This was in the pre-Katie Couric era, when few had heard of colonoscopy and those that had heard of it believed it to be some sort of Medieval torture. Referrals were not abundant, so all gastroenterologists faced the prospect of sitting in their office, staring at the walls and wondering when the next new patient appointment would come in.

As I had neither trained nor been raised in this big city, I had no reason to believe that patients would be pounding on my door. I assumed I would starve to death and have to give my children up for adoption and put my wife to work in the local Waffle House (noble work, to be sure, but it doesn't pay all that well). Under such circumstances it is easy, instinctive really, for us to turn to God, to pray that He would "give us this day our daily bread".

I remember listening to a Chuck Swindoll sermon about faith in the marketplace. It's been a while, and I'm quoting only as best as I recall:

One business owner in our community had always put the "bottom line" ahead of ethical considerations. Although he was successful, he experienced an emptiness which no amount of money could fill. He turned his life over to God and dedicated his business to Him, vowing that from that point on he would conduct his business with the highest of ethical standards.

Not long after his conversion, he got a call.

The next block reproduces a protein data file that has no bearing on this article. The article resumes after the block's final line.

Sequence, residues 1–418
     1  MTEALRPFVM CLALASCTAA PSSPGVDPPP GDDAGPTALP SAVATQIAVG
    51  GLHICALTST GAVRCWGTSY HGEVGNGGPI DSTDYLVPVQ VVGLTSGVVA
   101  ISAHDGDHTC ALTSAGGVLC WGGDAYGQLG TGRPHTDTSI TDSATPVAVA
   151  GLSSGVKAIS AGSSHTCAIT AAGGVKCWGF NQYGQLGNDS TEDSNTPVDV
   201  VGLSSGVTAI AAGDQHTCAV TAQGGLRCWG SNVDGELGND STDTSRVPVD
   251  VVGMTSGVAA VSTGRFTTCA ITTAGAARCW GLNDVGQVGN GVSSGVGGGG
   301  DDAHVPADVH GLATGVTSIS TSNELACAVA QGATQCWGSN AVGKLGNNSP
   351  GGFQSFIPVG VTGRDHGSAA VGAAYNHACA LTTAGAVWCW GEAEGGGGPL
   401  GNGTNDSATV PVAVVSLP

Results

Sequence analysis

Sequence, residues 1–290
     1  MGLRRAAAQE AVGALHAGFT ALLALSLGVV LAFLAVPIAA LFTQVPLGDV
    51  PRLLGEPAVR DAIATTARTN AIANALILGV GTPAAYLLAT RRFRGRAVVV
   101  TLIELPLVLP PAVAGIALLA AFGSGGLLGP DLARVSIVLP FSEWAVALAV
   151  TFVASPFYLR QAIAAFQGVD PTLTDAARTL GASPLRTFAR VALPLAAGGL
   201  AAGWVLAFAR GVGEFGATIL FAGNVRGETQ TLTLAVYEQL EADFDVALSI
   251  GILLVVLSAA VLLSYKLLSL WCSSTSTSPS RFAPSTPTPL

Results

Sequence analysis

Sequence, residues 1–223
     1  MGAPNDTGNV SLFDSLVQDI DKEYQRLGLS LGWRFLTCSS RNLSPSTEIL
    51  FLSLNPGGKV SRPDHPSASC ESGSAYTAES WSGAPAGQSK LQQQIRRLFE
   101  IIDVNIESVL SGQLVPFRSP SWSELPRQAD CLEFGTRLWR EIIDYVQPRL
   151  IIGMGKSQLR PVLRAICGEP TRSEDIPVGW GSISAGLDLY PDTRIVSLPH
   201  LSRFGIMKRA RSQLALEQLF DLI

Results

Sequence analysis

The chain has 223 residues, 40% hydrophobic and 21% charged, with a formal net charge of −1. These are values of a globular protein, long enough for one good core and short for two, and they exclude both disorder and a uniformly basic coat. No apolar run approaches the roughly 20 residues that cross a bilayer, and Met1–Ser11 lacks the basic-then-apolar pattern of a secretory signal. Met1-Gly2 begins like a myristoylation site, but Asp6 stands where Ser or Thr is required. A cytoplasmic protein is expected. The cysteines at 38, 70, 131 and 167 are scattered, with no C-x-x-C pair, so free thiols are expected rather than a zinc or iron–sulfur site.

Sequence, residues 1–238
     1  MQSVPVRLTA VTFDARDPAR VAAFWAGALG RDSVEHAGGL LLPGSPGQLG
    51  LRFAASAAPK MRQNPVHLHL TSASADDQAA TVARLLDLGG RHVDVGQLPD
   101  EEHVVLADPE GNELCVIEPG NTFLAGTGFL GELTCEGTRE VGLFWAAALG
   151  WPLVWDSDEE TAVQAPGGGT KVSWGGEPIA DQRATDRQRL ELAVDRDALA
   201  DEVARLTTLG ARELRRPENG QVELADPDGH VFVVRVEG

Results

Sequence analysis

"You've got to come quick! Your business is burning down!" he was told.

Upon arriving at his business place, he saw that indeed an uncontrollable fire had broken out and that the business he had worked so hard on in his life had just burned to the ground. His associates thought he appeared oddly unconcerned about the course of events. They asked him why.

"Well," he replied, "I dedicated this business to the Lord, and He can take it as a burnt sacrifice if He wants to."

One can debate God's role in this. Perhaps He did want the business for Himself; perhaps His only involvement was a permissive one, choosing not to strike some street thug arsonist dead for trying to impress his gang. But it made sense to the business owner. Seen through the eyes of faith and believing that God is in control and that our lives are a narrative of His action, this event would be just one more chapter of a story that will make sense in the fullness of time.

I dedicated my practice, such as it was, to God. Soon I had more work that I could handle, and financially we were secure.

During the next decade I succumbed to my workaholism. I wasn't interested in fame or fortune; I just wanted to prove to the world that this dumb old Army doc and son of a dirt-farmer could make it as a first-rate physician.